The 2007 edition of New Stories From the South has just recently been published, edited by Edward Jones and the incomparable Kathy Pories. I have a story in it. I probably wouldn’t be mentioning the book if I didn’t have a story in it, this blogging commentary being the only place I can talk about myself and all the awesomely wonderful things I do without feeling as though I’m drawing attention to myself, because if you’re reading this now the attention has already been drawn. The story is called “A Terrible Thing.” Here is how it starts. If you want to read the rest, you know where to go.
Before I met the woman who would become my wife, I went out with women who were in some way disfigured, girls to whom terrible things had happened, things which were apparent to anyone who looked at them. Not all of them were like that, but a lot of them were – many – maybe even most. One of the women I went out with was missing a hand. Another had been badly burned in a fire. Celia had a birthmark planted on one whole side of her face like an immense, permanent red welt.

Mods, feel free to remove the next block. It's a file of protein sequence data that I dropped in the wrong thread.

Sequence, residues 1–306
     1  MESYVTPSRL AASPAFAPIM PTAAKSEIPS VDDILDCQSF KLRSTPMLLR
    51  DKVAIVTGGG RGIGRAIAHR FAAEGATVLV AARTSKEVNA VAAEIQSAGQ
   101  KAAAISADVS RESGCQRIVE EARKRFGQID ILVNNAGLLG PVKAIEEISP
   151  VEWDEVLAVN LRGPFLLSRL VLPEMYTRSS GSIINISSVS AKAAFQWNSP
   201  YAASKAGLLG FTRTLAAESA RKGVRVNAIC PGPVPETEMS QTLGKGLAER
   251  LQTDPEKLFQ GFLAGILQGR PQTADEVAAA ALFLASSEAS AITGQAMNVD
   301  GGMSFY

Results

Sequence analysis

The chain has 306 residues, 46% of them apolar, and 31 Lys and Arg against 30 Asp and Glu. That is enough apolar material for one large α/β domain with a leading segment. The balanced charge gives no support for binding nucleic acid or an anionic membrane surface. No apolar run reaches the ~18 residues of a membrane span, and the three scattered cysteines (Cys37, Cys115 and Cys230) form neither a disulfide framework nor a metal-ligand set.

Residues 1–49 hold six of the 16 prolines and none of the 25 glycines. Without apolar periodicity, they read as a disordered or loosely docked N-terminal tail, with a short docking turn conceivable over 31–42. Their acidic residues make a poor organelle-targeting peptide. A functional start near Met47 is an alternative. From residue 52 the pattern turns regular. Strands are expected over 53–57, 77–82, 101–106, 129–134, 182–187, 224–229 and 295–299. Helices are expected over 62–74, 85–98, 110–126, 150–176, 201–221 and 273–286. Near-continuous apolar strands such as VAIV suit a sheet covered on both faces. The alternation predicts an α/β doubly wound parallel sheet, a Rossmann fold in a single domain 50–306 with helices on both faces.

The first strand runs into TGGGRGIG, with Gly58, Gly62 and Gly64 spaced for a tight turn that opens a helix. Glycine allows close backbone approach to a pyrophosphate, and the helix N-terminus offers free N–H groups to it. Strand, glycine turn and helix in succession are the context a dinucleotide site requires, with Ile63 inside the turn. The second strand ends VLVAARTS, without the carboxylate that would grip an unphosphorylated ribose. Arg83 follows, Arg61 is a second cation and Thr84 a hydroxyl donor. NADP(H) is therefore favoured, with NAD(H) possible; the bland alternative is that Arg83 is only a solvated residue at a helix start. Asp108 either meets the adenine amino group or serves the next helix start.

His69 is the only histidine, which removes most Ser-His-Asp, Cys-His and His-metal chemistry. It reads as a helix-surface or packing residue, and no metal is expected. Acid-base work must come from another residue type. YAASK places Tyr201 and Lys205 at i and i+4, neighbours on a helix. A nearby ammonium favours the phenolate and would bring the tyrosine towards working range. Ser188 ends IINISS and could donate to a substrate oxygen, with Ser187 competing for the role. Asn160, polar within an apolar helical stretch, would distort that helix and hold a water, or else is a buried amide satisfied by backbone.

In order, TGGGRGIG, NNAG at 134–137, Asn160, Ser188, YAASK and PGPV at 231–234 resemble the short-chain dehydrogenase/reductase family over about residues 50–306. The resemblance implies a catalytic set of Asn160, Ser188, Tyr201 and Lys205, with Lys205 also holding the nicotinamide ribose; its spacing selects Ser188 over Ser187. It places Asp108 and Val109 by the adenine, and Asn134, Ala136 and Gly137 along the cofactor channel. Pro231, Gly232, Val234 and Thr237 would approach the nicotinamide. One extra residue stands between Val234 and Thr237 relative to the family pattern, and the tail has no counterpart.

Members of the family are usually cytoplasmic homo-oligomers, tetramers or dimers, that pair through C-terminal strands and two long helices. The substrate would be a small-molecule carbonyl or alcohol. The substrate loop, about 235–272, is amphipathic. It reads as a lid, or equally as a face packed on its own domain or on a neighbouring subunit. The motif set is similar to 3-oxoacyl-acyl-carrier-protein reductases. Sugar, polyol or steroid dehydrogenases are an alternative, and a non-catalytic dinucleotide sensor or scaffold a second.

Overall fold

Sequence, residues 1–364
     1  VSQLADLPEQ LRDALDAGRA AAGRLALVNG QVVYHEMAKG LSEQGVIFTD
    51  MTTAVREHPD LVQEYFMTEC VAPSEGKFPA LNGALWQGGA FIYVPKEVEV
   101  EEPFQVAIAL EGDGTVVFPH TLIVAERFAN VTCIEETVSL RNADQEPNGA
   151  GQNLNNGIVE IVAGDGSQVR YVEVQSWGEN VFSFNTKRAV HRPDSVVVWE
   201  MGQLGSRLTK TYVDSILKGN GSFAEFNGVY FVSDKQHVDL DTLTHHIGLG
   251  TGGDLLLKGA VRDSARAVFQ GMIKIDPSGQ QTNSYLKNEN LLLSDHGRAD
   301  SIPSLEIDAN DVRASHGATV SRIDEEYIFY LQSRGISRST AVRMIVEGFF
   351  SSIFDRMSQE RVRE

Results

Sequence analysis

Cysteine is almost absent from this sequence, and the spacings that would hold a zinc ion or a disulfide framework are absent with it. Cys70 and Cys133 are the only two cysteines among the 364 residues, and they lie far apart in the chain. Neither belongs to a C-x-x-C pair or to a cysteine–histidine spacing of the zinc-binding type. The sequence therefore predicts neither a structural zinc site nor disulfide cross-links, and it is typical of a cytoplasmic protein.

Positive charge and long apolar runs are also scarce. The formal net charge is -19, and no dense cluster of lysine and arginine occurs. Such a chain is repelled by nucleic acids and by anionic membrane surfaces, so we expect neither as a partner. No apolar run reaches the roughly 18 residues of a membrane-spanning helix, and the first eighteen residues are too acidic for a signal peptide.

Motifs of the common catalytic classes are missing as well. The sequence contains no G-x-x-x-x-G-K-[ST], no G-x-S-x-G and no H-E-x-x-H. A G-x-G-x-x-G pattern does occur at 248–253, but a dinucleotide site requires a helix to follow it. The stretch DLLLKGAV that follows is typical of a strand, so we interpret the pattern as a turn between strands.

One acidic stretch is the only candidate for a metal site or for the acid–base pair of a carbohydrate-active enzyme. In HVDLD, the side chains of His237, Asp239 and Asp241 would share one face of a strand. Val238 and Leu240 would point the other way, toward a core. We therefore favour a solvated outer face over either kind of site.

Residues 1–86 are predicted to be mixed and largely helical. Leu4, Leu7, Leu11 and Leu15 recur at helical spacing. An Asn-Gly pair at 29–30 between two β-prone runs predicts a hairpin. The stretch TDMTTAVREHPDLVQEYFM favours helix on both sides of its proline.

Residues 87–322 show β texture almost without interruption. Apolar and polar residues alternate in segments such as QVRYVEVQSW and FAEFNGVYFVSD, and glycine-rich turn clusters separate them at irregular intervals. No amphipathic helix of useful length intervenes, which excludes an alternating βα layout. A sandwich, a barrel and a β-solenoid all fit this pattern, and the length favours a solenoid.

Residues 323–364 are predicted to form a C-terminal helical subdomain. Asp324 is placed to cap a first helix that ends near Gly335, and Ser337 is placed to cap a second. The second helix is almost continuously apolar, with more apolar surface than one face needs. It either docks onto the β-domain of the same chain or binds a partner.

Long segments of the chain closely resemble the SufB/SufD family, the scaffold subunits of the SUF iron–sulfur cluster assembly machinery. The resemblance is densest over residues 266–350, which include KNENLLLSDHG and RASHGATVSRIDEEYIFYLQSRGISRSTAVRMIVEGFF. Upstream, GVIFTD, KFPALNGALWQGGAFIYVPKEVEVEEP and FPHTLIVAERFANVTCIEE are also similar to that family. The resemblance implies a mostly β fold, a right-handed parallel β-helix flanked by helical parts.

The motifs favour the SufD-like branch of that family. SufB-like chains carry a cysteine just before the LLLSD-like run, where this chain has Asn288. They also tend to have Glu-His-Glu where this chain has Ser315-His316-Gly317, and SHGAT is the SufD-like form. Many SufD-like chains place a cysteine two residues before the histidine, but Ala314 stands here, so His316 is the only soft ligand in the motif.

There were others like that. I was drawn to these women in a way I could never put words to then. I guess I was some kind of freak myself, though I didn’t think so at the time and I don’t think the girls (none of whom knew about the others) thought that either. You might assume because these days it’s natural to assume that it was a sexual thing, that somehow I got off on the scars and missing pieces. But (though we did have sex sometimes, the same as anyone) this wasn’t true. Or I took pity on these women who if it weren’t for me might never have been with another man in their entire lives. But I don’t think it was this either. I think it was simply their observable difference that was intriguing to me – and the degree to which they were able to live a happy and normal life with it. Not that all of us don’t harbor some sort of distinction, that thing that makes us us rather than somebody else, but with these women it was obvious, and clear, exactly what it was.